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Yamas and Niyamas | Restraints and Observances

Yamas and Niyamas | Restraints and Observances

Introduction

Religion Teaches us how to become better people, how to live as spiritual beings on this earth through living virtuously, following the natural and essential guidelines of dharma.

For Hindus, these guidelines are recorded in the Yamas and Niyamas, ancient scriptural injunctions for all aspects of human thought, attitude and behaviour.

In Indian spiritual life, these Vedic restraints and observances are built into the character of children from a very early age.

For adults who have been subjected to opposite behavioural patterns, these guidelines may seem to be like commandments. However, even they can, with great dedication and effort, remould their character and create the foundation necessary for a sustained spiritual life.

=> Notice: The article Yamas and Niyamas prepared and adapted according to teachings of Satguru Śivāya Subramuniyaswami, the head of Śaiva Siddhāṅta, Hinduism lineage of Śivaism.

Trough following the yamas and niyamas, we cultivate our refined, spiritual being while keeping the instinctive nature in check.

We lift ourself into the consciousness of the higher energies—of love, compassion, intelligence and bliss—and naturally invoke the blessings of the divine devas and Mahādevas.

Yama means “reining in” or “control.”

The yamas include such injunctions as non-injury (ahiṁsā), non-stealing (asteya) and moderation in eating (mitāhāra), which harness the base, instinctive nature.

Niyama, literally “unleashing,” indicates the expression of refined, soul qualities through such disciplines as charity (dāna), contentment (santosha) and incantation (japa).

It is true that bliss comes from meditation, and it is true that higher consciousness is the heritage of all mankind.

However, the 10 restraints and their corresponding practices are necessary to maintain bliss consciousness, as well as all of the good feelings toward oneself and others attainable in any incarnation. These restraints and practices build character. Character is the foundation for spiritual unfoldment.

The platform of character must be built within our lifestyle to maintain the total contentment needed to persevere on the path.

The great Ṛishis saw the frailty of human nature and gave these guidelines, or disciplines, to make it strong. They said, “Strive!” Let’s strive to not hurt others, to be truthful and honour all the rest of the virtues they outlined.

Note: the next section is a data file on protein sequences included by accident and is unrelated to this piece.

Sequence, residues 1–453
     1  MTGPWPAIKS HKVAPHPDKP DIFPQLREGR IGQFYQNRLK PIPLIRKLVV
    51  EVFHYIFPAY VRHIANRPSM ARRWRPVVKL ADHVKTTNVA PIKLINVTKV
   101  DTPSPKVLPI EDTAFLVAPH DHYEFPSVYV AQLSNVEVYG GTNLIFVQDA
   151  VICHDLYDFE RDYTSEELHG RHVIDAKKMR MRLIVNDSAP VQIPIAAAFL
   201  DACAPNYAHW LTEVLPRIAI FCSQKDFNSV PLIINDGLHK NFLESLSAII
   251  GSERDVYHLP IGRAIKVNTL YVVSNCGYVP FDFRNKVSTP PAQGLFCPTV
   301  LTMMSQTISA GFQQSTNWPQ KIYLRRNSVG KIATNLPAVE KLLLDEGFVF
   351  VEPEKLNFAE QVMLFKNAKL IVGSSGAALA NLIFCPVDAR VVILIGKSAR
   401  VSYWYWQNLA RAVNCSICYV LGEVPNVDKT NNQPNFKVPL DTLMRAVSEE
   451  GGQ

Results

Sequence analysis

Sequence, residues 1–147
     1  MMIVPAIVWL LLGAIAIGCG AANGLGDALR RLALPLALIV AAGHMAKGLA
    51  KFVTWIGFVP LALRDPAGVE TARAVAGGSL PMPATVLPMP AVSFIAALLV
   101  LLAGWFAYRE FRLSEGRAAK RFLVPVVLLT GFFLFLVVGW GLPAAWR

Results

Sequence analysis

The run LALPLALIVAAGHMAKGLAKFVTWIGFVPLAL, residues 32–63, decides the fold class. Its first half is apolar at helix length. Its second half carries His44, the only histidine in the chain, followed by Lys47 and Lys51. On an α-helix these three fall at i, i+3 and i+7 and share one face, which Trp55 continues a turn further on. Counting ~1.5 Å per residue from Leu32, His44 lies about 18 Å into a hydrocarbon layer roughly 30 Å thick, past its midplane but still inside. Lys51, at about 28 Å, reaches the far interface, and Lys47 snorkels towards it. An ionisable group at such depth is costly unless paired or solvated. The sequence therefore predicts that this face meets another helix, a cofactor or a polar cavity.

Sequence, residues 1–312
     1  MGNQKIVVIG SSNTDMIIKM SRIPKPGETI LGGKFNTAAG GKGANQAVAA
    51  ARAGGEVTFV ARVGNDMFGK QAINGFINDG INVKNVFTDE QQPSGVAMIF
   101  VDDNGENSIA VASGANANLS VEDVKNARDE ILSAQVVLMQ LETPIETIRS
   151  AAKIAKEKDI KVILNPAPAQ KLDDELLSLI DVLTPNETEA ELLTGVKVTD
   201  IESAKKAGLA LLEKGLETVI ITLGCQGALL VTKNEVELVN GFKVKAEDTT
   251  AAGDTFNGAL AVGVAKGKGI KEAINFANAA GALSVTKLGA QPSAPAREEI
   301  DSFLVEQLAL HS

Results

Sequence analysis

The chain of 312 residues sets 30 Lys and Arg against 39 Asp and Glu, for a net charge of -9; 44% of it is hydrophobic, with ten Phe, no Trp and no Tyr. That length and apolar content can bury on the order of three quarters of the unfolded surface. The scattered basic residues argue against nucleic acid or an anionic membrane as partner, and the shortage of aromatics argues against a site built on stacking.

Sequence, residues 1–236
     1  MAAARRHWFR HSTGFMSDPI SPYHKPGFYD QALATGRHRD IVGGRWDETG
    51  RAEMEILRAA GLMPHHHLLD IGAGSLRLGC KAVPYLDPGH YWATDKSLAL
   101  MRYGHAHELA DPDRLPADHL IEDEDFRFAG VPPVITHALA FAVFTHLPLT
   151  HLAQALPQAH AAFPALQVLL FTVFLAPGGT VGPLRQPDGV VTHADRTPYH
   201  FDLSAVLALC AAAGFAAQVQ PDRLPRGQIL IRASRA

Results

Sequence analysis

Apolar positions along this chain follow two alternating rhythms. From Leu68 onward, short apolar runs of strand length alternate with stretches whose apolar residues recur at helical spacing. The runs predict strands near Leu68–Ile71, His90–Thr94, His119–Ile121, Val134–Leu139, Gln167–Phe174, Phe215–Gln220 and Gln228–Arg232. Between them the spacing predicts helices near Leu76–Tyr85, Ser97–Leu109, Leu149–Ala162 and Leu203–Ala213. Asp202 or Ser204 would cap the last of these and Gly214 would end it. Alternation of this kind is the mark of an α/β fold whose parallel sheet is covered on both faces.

The 10 Yamas are:

1) ahiṁsā, “non-injury,” not harming others by thought, word or deed;

2) satya, “truthfulness,” refraining from lying and betraying promises;

3) asteya, “non-stealing,” neither stealing nor coveting nor entering into debt;

4) brahmacharya, “divine conduct,” controlling lust by remaining celibate when single, leading to faithfulness in marriage;

5) kṣamā, “patience,” restraining intolerance with people and impatience with circumstances;

6) dhṛiti, “steadfastness,” overcoming non-perseverance, fear, indecision, inconstancy and changeableness;

7) dayā, “compassion,” conquering callous, cruel and insensitive feelings toward all beings;

8) ārjava, “honesty, straightforwardness,” renouncing deception and wrongdoing;

9) mitāhāra, “moderate appetite,” neither eating too much nor consuming meat, fish, fowl or eggs;

10) śaucha, “purity,” avoiding impurity in body, mind and speech.

The 10 Niyamas are:

1) Hrī, “remorse,” being modest and showing shame for misdeeds;

2) santosha, “contentment,” seeking joy and serenity in life;

3) dāna, “giving,” tithing and giving generously without thought of reward;

4) āstikya, “faith,” believing firmly in God, Gods, guru and the path to enlightenment;

5) Īśvarapūjana, “worship of the Lord,” the cultivation of devotion through daily worship and meditation;

6) siddhānta śravaṇa, “scriptural listening,” studying the teachings and listening to the wise of one’s lineage;

7) mati, “cognition,” developing a spiritual will and intellect with the guru’s guidance;

8) vrata, “sacred vows,” fulfilling religious vows, rules and observances faithfully;

9) japa, “recitation,” chanting mantras daily;

10) tapas, “austerity,” performing sādhana, penance, tapas and sacrifice.

In comparing the yamas to the niyamas, we find the restraint of non-injury, ahiṁsā, makes it possible to practice Hrī, remorse. Truthfulness brings on the state of santosha, contentment.

And the third yama, asteya, non-stealing, must be perfected before the third niyama, giving without any thought of reward, is even possible.

Sexual purity brings faith in God, Devas and guru. Kṣamā, patience, is the foundation for Īśvarapūjana, worship, as is dhṛiti, steadfastness, the foundation for Siddhāṅta Śravaṇa.

The yama of dayā, compassion, definitely brings mati, cognition.

Ārjava, honesty—renouncing deception and all wrongdoing—is the foundation for vrata, taking sacred vows and faithfully fulfilling them.

Mitāhāra, moderate appetite, is where yoga begins, and vegetarianism is essential before the practice of japa, recitation of holy mantras, can reap its true benefit in one’s life. Śaucha, purity in body, mind and speech, is the foundation and the protection for all austerities.

The twenty restraints and observances are the first two of the eight limbs of aṣṭāṅga yoga, constituting Hinduism’s fundamental ethical code. Because it is brief, the entire code can be easily memorized and reviewed daily at the family meetings in each home.

The yamas and niyamas are the essential foundation for all spiritual progress:

They are cited in numerous scriptures, including the Śāṇḍilya and Varāha Upanishads, the Hatha Yoga Pradīpikā by Gorakshanātha, the Tirumantiram of Rishi Tirumular and the Yoga Sūtras of Sage Patañjali.

All of these ancient Texts list 10 yamas and 10 niyamas, with the exception of Patañjali’s classic work, which lists just five of each.

Patañjali lists the yamas as: ahiṁsā, satya, asteya, brahmacharya and aparigrahaḥ (non- covetousness); and the niyamas as: śaucha, santosha, tapas, svādhyāya (self-refection, scriptural study) and Īśvara-Pranidhāna (worship).

In the Hindu tradition, it is primarily the mother’s job to build character within the children, and thereby to continually improve society. Mothers can study and teach these guidelines to uplift their children as well as themselves.